BY DENNIS SILVA II | firstname.lastname@example.org
Long after a distinguished tenure with the Houston Oilers, the late Ed Biles spent the final year of his remarkable coaching career as a volunteer for an indoor arena football team in Cypress.
Biles died April 5 following a battle with leukemia. He was 88 years old. Biles coached 14 years in the NFL, beginning as an assistant with the New Orleans Saints in 1969 and finishing as head coach of the Oilers from 1981-1983 after serving as Houston’s defensive backs coach and defensive coordinator under Bum Phillips from 1974-1980.
Biles is fondly remembered most for those beloved “Luv Ya Blue” days.
But 14 years after wrapping up his NFL coaching career, Biles was back in football in 2007 as a volunteer assistant/quality control coach for the AF2’s Texas Copperheads, who practiced and played their home games at Cypress Fairbanks ISD’s Berry Center. The af2 was the minor league for the Arena Football League.
Ronald Oswalt, then the director of media relations for the Copperheads and now a marketing director in Shreveport, Louisiana, remembers his initial meeting with Biles. During a practice, this “smaller, older gentleman,” as Oswalt remembers, walked up to Oswalt to watch the team.
“And he’s saying, they need to run the ball this way. Slant their blockers this way,” Oswalt recalled. “He kept going on, ‘The coach needs to do this.’ I finally ask him, ‘Who are you?’ He tells me, ‘Son, my name’s Ed Biles. I used to coach the Houston Oilers.’”
Oswalt was skeptical at first. But Biles kept talking football and asked to meet the head coach, Bryan Blake. During a break in practice, Oswalt introduced the two.
“‘Hey Bryan, I think this is Coach Ed Biles,’” Oswalt said. “He introduced himself, they got along, we all got along, and he became a volunteer coach for us. That’s kind of how it all got started.”
Biles was mostly a consultant, willing to do anything and everything asked or needed of him.
“He just wanted to help,” said Troy Esprit, an assistant coach/defensive coordinator with the Copperheads. “He wanted to be a part of it. He was a sounding board for all of us, offense and defense. He was there to help us mature into coaching young men. He’d even get out into the community to talk about the football program we had. Just the experience he had, that spilled into the organization and the coaching staff.”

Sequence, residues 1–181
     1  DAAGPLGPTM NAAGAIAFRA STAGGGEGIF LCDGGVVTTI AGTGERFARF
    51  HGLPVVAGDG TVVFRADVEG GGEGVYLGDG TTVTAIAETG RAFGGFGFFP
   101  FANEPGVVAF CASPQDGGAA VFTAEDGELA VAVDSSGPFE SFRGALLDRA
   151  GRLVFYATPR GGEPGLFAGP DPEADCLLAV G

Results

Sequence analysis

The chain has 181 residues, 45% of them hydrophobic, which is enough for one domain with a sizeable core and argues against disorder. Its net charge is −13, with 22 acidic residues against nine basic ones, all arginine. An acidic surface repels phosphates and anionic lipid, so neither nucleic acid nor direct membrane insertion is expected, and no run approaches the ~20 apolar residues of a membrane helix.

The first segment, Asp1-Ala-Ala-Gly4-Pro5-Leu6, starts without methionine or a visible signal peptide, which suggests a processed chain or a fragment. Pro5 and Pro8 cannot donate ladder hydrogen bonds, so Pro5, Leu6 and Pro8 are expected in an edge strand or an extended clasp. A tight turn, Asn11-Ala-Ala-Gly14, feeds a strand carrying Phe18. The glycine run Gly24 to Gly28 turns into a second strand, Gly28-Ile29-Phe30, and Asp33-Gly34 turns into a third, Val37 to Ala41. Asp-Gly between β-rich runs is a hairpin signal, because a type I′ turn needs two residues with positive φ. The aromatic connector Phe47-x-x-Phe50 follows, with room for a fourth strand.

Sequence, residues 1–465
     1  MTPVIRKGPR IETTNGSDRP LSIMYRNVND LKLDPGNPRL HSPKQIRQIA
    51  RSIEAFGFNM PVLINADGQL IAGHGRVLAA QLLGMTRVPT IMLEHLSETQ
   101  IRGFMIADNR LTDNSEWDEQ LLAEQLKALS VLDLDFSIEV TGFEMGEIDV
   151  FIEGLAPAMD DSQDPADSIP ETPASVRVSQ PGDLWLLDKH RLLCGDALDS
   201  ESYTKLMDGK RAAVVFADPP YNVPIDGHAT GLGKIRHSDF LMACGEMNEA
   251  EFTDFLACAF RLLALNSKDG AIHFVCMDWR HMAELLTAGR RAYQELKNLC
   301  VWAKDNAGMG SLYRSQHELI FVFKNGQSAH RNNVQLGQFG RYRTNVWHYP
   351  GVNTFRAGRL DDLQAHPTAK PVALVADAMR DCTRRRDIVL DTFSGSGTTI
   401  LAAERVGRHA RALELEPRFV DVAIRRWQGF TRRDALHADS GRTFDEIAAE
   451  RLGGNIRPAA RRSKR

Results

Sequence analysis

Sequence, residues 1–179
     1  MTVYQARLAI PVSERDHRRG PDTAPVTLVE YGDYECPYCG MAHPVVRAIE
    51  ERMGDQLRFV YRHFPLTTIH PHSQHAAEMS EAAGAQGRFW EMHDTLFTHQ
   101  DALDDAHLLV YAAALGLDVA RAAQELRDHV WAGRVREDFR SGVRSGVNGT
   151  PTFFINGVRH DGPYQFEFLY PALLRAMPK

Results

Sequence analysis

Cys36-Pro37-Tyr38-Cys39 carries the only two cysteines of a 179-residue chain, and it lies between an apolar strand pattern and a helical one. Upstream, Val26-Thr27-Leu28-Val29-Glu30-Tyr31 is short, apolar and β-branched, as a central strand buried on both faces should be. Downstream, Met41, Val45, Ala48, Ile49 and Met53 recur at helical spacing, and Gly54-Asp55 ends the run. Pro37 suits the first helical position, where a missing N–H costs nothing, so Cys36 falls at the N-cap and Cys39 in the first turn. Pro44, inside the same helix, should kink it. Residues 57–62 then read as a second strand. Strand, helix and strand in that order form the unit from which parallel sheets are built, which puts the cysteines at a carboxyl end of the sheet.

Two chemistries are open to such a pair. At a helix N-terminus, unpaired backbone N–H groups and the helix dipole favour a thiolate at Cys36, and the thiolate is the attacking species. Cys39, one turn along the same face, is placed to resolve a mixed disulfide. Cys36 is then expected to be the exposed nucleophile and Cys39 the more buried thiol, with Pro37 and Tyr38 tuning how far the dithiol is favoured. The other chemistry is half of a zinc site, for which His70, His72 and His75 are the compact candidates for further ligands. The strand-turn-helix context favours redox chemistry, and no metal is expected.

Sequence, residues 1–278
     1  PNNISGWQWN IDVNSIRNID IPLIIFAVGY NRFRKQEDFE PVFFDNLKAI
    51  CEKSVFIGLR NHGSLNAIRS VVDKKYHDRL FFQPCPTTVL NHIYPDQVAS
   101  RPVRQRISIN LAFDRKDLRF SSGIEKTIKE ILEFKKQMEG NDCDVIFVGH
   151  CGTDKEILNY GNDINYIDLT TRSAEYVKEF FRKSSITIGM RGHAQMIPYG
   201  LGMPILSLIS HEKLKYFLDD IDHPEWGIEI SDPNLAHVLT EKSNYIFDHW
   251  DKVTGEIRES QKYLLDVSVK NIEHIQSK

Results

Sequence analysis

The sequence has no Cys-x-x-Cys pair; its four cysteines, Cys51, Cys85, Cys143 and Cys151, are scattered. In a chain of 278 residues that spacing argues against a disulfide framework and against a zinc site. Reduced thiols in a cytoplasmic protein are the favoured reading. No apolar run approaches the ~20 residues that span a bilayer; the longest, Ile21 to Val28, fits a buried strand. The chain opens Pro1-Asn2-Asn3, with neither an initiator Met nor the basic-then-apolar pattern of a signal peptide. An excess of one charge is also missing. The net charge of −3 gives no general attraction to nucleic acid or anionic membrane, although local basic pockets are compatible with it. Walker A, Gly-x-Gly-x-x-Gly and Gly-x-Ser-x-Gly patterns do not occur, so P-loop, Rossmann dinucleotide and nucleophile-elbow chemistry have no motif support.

Esprit said Biles’ value, aside from experience, was his uncanny ability to evaluate players.
“There was a small learning curve for him, as far as the indoor game we were coaching,” Esprit said. “But his biggest deal was being able to evaluate players quickly. You could tell, from that aspect, he spent time scouting and evaluating players at a much higher level than we did.
“When I watch people evaluate or talk about the NFL Draft or the NFL Combine and things of that nature, I recall some of those same things Ed would say. He would be able to tell about a kid just from the way the kid was built, even before he stepped onto the field. That was the biggest contribution he gave to us, something that was so far beyond what we were as far as evaluating players.”
I was then a 23-year-old beat reporter covering the Copperheads for some of Biles’ stay with the Copperheads. I worked as the sports editor for the 1960 Sun Group of Houston Community Newspapers. I remember Biles as an affable, endearing man with a terrific sense of humor. I was around the team enough to where he awarded me a nickname I still take pride in today.
“What’s the story today, Scoop?”
“I don’t know, Coach,” I’d respond, grinning. “You tell me.”
Back-and-forth exchanges like that. He would ask about stories I was working on or talk to me about players or we’d just shoot the breeze about football. I appreciated his honesty, his willingness to share. Biles was engaging, a true people person. One of the best storytellers I’ve known with a sharp wit.